Thanks for all of the invaluable advice.  We are checking references and were able to get the contractor to come down on the upfront downpayment to 17%.  He insists on paying for materials because he doesn't want to disclose the wholesale pricing and sources he used so we won't be able to buy the materials ourselves or accompany him with purchasing the materials. So when we receive invoices for each draw it will just show is flat rate.  Is this common practice?

There is not a set in stone way that this is done.  I find that your past relationship or lack thereof with the contractor will largely dictate how much, if any advance payment % they will need.

The most have ever been charged is 25%.

Originally posted by @Jon Mbu :

Thanks for all of the invaluable advice.  We are checking references and were able to get the contractor to come down on the upfront downpayment to 17%.  He insists on paying for materials because he doesn't want to disclose the wholesale pricing and sources he used so we won't be able to buy the materials ourselves or accompany him with purchasing the materials. So when we receive invoices for each draw it will just show is flat rate.  Is this common practice?

 The fact that he does not want to disclose the pricing is a red flag to me and a sign that he may want to manipulate the situation to purchase less quality materials or pocket a significant amount of money that should have been used for materials purchase. I do not know whether or not this is common practice in other states but my husband always provides receipts to customers on materials he bought or gives them the option to buy. I think it is fair for contractors to add a 10% overhead to this but they should disclose the details of all materials purchased IMO.

@Jon Mbu

  you have a few types of contractors.. you have your down and dirty rehabber that does a little of everything and does it with his crews and might only sub out elec and plumbing.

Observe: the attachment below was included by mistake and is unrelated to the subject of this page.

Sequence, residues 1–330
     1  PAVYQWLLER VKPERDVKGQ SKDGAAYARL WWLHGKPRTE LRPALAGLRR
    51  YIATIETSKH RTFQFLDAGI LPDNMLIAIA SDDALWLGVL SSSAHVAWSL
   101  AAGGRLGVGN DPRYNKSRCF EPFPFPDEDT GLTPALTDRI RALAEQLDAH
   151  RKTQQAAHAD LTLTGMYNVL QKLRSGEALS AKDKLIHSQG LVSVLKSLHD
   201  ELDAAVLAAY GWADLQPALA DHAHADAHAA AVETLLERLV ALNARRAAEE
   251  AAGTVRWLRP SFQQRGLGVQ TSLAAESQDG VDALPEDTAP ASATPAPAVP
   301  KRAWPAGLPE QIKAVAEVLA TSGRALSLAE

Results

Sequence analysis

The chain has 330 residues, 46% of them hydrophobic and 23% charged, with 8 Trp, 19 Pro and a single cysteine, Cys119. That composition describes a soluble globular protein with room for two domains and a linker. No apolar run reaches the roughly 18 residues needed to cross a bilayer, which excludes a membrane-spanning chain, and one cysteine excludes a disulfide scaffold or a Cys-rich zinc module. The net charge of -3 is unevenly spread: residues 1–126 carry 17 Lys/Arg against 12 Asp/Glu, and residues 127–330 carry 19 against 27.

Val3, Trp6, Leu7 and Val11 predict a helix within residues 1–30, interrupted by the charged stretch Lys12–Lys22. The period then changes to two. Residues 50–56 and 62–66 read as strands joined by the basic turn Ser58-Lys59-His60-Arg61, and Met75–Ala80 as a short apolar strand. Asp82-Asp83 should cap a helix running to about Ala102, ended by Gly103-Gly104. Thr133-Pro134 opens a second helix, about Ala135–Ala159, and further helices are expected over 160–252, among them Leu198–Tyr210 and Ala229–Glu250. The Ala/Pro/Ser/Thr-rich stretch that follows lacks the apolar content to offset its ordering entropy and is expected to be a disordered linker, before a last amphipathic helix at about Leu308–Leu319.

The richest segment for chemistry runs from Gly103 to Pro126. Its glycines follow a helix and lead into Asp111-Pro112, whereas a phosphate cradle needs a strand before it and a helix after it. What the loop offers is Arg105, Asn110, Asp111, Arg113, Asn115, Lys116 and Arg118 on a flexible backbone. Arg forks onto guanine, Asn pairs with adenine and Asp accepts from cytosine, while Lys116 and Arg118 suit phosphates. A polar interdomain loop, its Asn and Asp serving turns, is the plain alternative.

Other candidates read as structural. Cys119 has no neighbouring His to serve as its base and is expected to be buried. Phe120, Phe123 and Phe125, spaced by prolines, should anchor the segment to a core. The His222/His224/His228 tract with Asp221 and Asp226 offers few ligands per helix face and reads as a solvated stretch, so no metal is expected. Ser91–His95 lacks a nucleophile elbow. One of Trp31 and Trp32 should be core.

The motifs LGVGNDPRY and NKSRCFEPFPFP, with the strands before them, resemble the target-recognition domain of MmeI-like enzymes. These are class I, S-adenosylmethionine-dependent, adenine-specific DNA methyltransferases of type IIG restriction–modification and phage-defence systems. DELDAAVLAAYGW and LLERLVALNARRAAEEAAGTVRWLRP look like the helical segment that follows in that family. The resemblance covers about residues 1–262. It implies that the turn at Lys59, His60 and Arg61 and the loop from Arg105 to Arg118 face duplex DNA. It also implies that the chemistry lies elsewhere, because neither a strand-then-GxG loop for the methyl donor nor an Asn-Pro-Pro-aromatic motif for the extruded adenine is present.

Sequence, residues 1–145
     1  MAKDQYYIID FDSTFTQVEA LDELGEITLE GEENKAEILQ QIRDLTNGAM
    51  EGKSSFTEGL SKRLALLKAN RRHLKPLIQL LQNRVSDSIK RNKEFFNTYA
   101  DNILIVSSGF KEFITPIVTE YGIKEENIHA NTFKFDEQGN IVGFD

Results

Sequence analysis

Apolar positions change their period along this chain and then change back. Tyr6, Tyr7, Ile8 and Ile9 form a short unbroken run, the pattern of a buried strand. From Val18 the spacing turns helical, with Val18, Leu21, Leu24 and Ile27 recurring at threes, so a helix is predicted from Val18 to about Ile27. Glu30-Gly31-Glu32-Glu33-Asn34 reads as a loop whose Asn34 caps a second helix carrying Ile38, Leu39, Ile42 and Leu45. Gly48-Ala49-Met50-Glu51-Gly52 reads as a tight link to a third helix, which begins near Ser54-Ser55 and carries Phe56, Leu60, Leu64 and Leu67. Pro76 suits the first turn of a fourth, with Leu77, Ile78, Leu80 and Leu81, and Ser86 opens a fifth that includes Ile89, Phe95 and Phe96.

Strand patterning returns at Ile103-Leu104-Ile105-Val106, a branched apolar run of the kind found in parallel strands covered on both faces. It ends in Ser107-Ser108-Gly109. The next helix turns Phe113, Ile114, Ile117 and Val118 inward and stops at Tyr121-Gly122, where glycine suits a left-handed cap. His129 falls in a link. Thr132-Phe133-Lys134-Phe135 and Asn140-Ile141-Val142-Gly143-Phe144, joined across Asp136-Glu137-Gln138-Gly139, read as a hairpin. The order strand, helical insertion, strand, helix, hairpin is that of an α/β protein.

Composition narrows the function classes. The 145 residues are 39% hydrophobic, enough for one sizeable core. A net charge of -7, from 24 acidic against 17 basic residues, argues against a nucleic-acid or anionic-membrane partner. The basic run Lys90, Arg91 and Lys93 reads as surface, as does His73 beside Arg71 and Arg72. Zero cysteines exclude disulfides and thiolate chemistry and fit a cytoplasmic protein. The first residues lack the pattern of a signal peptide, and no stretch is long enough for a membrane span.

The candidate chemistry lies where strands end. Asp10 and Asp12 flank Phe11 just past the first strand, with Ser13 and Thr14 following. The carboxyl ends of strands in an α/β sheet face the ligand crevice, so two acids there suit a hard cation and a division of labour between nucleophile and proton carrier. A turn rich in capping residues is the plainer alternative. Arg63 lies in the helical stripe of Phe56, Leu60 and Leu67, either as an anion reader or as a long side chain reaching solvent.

these tend to be the rehab types and lesser capitalized.. IE they don't have net 30 accounts set up at their suppliers they are cash and carry etc.

then you have contractors that have established credit a team of very established subs.. but these guys will be higher priced and since rehabbing is about how cheap can I get it done if you go this route many times the numbers don't work but you get what I call true professional contractors.

So when we fund rehabs its pay as you go .. and its totally a relationship and trust issue. Having been a HML who has funded literally thousands of rehabs.. I know how easy it is to get fubared by undercapitalized contractors all the corners they try to cut.. relationships are the key @Jessie Huffey

 as Jessie says you find a great contractor you bring him a bottle of wine or a six pack or a gift certificate for dinner.. what ever it takes to keep him or her on your team they are invaluable.

When we do new construction its totally different. All subs have their own accounts. they get paid once a month and only for work done. We will buy the lumber pac direct as that is usually 20 to 40k per house.. but all other materials are bought by the sub paid for by the sub and provided to the job in their bid... It also tags in their Insurance in case of construction defect... IE big stuff or little stuff  like faucet is faulty its the sub that goes and replaces it not us .  Draw request in by the first  payment on the 10th or 15Th along with lien releases for each sub.. that's how its done in the new co world ... But your not getting the same pricing as you will from a do it all yourself rehabber.. if you had to go the sub contractor route your cost would go up considerably